Double Peak is an easily accessed, moderate peak offering great views over North County, coastal San Diego, and toward East County. In addition to a healthy climb and good views, Double Peak boasts a nice park at the summit, complete with picnic benches, a few trees for shade, a free viewfinder, and flush toilets.
Double Peak does not have the wild character of so many other peaks in the San Diego region, but it makes up for this lack of wild character by offering good views and nice amenities at the summit. The views from the top are equal to and sometimes greater than the views available at some of the more far-flung locales around the west side of the county, and a free viewfinder at the summit enhances the ability to enjoy the finer points of the panorama.
The trail starts out at Discovery Park, where it crosses over the spillway containing Discovery Lake. Starting out early adds a nice layer of beauty, as the lake often puts forward a fine layer of mist. Additionally, starting out and ending at a body of water is a nice reward, considering the dry grind ahead.
After the lake, the trail climbs up a smooth dirt path for about a quarter of a mile before entering a residential housing development. The trail will pass through this subdvision on the right side of the street. This community trail will connect you to the continuation of the Double Peak Trail, which lies just uphill from the start of the street-side trail off to the left. Signs will point the way, but keep in mind that if you bear left away from the dirt path, you will have gone the wrong way.
The trail leaves the subdivision and starts the hardest stretch of climbing before coming to a water tank. The trail will bear left at the water tank and will leave behind the bulk of the developed sections. It should be noted that this portion of the Double Peak Trail was burnt during the May 2014 Cocos fire. Much of the chaparral here was thoroughly incinerated, although at the time of writing (August 2014), the chaparral had begun to make a modest comeback. As chaparral has evolved to handle fire, it is likely that the chaparral will make a full recovery within 5-10 years, depending on yearly precipitation.
The trail will bend right into a ravine where it will junction with a trail leading off to the left. This trail looks tempting, as it is a nice flat stretch, but it will take you off in the wrong direction. Instead, take the branch to the right, which will switchback some more before coming out again at a partially paved access road. Bear left on this access road, which will join with the road leading to Double Peak Park.
From here, the trail will run alongside the road, where you will be sharing the route with cars and bikers. This stretch is unavoidable, but there is an option for those who don’t mind a bit of a steep, rugged climb. Branching off the right from the side trail is a use trail that climbs up fairly severely along the cut in the road. This use trail will come out at the edge of the parking lot on top, where it will then reach the summit from a brief connector.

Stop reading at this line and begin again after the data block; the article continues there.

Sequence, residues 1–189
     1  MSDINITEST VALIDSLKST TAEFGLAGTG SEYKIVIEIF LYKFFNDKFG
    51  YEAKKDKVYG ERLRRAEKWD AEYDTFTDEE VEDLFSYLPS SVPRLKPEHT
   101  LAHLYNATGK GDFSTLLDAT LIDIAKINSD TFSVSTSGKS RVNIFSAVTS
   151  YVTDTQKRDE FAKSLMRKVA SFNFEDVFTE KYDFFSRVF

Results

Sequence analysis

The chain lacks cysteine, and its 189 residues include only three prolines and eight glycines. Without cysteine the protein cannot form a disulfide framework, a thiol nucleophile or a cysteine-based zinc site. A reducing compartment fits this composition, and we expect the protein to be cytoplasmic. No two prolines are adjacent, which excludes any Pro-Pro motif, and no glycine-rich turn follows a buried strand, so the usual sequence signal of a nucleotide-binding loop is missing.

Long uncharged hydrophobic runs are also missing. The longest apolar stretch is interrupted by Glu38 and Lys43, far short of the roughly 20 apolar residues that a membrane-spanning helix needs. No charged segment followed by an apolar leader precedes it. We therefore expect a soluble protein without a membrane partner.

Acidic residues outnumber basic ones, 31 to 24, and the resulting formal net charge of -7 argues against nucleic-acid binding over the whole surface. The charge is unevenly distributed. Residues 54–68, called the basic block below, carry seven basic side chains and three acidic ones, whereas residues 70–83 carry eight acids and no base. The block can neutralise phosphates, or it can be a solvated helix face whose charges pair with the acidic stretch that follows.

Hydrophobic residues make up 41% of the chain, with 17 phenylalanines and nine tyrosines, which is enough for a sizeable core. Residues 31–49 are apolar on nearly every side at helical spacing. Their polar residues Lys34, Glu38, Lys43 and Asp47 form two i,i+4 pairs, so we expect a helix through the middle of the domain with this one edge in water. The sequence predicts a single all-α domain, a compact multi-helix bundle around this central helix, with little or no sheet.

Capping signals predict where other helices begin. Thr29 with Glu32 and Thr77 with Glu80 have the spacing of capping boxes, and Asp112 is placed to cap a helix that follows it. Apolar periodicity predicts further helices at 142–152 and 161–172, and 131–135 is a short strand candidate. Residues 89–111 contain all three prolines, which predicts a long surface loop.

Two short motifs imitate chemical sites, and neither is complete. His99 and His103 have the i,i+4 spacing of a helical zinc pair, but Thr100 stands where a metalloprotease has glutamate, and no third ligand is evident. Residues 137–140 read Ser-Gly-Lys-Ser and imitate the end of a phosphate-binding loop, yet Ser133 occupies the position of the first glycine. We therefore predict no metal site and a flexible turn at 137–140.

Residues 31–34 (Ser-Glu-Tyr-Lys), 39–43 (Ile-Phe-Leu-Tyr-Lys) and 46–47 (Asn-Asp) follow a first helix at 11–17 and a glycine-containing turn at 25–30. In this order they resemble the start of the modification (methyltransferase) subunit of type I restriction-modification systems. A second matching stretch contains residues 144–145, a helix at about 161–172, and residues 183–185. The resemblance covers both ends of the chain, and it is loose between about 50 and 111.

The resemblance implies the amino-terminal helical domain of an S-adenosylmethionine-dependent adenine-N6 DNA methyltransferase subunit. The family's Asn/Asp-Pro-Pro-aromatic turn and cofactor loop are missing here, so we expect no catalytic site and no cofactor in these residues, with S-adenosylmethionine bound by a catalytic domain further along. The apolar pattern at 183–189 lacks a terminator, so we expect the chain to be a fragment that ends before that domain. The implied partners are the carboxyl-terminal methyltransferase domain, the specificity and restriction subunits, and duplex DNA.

Once on the summit, you can enjoy the nearly panoramic views over the county. The views north are particularly good, with untrammeled views of the Santa Ana Mountains, Camp Pendleton, Mt. San Gorgonio, the Palomar Mountains, and the communities of Oceanside, Vista, San Marcos, and Escondido. Mt. San Jacinto even makes a guest appearance, as its summit pops up and over Crosley Saddle near Agua Tibia Mountain.
For an added bonus, you can use the viewfinder to pick out other individual landmarks. On the day I last hiked Double Peak, which was exceptionally clear, I was able to pick out the Batiquitos Lagoon, Agua Hedionda Lagoon, the Carlsbad powerplant, the Oceanside pier, Legoland, and a host of other local landmarks like my house, my wife’s job, etc. etc. Landmark spotting is always a fun game, particularly if you’re a North County local who likes to “see my house from here.” The nearby picnic tables make this a comfortable place for a snack, and the restrooms are very clean and comfortable. From this point, you will retrace your way back down by following the route you took on the way up.
The trail is in good condition, although there are a number of confusing moments. For instance, the trail starts along the hillside before plunging in and out of a residential neighborhood, where it passes alongside the street. The trail also runs alongside a road near the top of the peak with a handful of side trails shooting off in different directions. The trails are not marked, so I recommend using the GPS track to find your way.
There isn't really any camping adjacent to this spot. The nearest campgrounds would be at Guajome County Park or Carlsbad State Beach. As this trail is most commonly used as a neighborhood trail for folks in North County, I don't suspect that most people would plan to base a camping trip around this hike.
Take Highway 78 to San Marcos Boulevard. If coming from the coast, turn right. If from the 15, turn left. Turn left onto Bent Avenue, which will turn into Craven Road. Turn right onto Foxhall Drive, and then turn right into the Discovery Lake parking lot or park along the street. Transit accessible.
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On May 8th, most Los Angeles city and county trails will re-open with restrictions and safety guidelines.
This follows nearby trail re-openings in San Diego and Ventura Counties a few weeks ago, as well as in the San Francisco Bay area.
Because the situation on the ground is changing rapidly and so many different jurisdictions and land agencies are involved, we STRONGLY recommend checking with the park you'd like to visit before you go to make sure they're open. Bring a mask, stay socially distanced, and have backup plans in case the trailhead you want to use is too crowded.
Remember, these trails can be closed again and if we don't follow safety guidelines, they will be.